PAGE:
No, this isn't happening (...yet), but I was asked about the possibility of the Supreme Court allowing the parties' wishes to take precedence over the actions of state governments setting a presidential primary date not in accordance with party rules. [This question arose over at DemConWatch from a discussion over my 2012 Primary Calendar Projection.]
The parties do have the right to set the rules of their nominations. Last year when the Clinton camp was up in arms over the "at-large" casino caucuses in Nevada -- the ones they thought would give Obama a distinct and unfair advantage -- the courts refused to hear the case, falling back on the precedent set in other cases that the party dictates who its nominee will be.
And this has applications in other areas as well. The main conflict has been over the rules concerning how open a primary is. On the question of who can participate in a party's nomination process, the Supreme Court has said that the parties get to decide. In other words, if there is a conflict between state law and the party's wishes, the party gets its way.
This has worked in both directions: parties not wanting closed primaries and parties not wanting open primaries. The case that started all of this was the Tashjian case. Basically, a thirty year old Connecticut law requiring closed primaries came under fire when the state's Republican Party wanted to open their process up to independents as well. The result: The party's right to free association was upheld and independents were allowed to participate in the primary.
On the flip side, California Democratic Party v. Jones established that if a party didn't accept a state-mandated blanket primary as the primary modus operandi, the requirement had to be scrapped. And as the two major parties (and others) didn't accept the California blanket primary, it hit the road.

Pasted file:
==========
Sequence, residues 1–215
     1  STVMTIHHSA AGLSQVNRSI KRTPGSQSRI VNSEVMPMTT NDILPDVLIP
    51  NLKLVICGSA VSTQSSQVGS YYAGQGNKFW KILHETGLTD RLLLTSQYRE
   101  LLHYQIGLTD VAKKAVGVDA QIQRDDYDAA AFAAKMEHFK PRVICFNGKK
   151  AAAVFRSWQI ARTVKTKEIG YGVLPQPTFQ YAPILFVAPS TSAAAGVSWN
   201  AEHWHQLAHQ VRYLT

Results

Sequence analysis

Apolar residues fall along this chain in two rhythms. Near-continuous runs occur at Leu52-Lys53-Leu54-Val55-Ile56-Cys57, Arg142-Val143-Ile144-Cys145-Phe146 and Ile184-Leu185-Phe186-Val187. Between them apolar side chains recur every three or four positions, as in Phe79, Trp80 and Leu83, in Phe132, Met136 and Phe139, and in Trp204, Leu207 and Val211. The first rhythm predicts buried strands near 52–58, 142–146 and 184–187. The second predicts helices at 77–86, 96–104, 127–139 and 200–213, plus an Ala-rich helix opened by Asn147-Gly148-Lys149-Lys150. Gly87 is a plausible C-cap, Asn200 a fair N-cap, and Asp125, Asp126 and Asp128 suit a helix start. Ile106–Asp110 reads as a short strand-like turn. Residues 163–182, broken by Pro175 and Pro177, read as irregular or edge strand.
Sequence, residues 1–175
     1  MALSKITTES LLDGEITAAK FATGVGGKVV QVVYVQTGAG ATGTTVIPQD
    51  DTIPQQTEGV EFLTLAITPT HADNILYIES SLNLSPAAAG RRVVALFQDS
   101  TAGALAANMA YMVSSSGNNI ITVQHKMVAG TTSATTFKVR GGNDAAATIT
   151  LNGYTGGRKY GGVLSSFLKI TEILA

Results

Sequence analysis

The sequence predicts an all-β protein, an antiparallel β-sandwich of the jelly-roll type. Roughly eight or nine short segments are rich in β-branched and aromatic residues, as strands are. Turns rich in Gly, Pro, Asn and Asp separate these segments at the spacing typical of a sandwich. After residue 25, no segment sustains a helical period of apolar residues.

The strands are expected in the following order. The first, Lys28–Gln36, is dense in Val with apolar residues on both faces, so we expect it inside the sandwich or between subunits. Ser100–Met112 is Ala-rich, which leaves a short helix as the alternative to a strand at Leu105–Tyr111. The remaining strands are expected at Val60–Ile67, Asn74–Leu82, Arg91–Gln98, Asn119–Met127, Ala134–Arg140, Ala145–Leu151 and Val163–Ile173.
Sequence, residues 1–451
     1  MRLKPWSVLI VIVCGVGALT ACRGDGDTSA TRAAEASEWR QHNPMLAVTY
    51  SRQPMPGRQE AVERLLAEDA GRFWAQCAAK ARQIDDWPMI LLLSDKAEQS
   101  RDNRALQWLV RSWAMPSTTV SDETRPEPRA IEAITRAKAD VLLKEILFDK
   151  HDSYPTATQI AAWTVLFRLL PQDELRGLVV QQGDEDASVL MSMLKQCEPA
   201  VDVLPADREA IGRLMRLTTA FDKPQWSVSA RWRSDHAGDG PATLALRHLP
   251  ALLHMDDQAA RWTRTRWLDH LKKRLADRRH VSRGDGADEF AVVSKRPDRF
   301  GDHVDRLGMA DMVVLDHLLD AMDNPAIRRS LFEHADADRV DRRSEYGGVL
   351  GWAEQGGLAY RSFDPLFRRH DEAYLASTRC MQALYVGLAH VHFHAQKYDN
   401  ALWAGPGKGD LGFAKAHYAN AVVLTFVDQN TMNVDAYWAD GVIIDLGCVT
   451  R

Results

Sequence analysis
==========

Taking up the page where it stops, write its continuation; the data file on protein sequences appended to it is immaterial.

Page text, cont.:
So what does all this have to do with primary timing? [Yeah, I go on a bit, don't I?] Well, you'd think that if a state law requiring a state to hold its primary on a date the parties didn't like, the parties would get their way. It seems a reasonable extension of the legal doctrine established above, right?
If the DNC says, "Massachusetts, you're going on the third week in May," and the Bay state government doesn't like it, then too bad. Well, what about the RNC? Let's say the GOP says that Massachusetts is fine where it is during the first week in February. Fine, the GOP can go in February and the Democrats can go in May.
Here's the rub, though, and this is where the timing conflict breaks with the opened/closed issue. The state picks up the tab for conducting the primary election. Splitting the two parties up like that doubles the cost (at least theoretically). That places an undue financial burden on the state all of a sudden.
There are a couple of questions that emerge here:
1) What about a state like Montana, where in 2008, the GOP went on February 5 and the Democrats held their delegate selection on June 3? Well, in that case the Montana GOP voluntarily opted out of the state funding to fund its own caucus. Nebraska did the same thing on the Democratic side. And Idaho Democrats have opted out of the state-funded primary at the end of May for years.
2) This one is more important. What if the GOP went along with the plan. Take the Massachusetts example. Let's say that both the DNC and RNC agree that the Massachusetts primary should be in May. Well, now there's a case; one the parties can win because the financial burden is now gone. Massachusetts would likely be required by the courts to shift its primary back a few months since that's what both parties wanted.
But for the Supreme Court to weigh in on the side of the parties on this issue, it would likely require a coordinated calendar assembled in a bipartisan fashion. There are certainly efforts being made on this front, but those competing interests -- that zero sum game where one tiny shift could fundamentally shift the balance in an election toward one party -- will stand in the way of that vision coming to fruition.
1996 Presidential Primary Calendar
Like a Kid in a Candy Store: A 2012 GOP Presidential Preference Poll
2012 Primary Reform: Previous General Election Margin as a Means of Setting the Calendar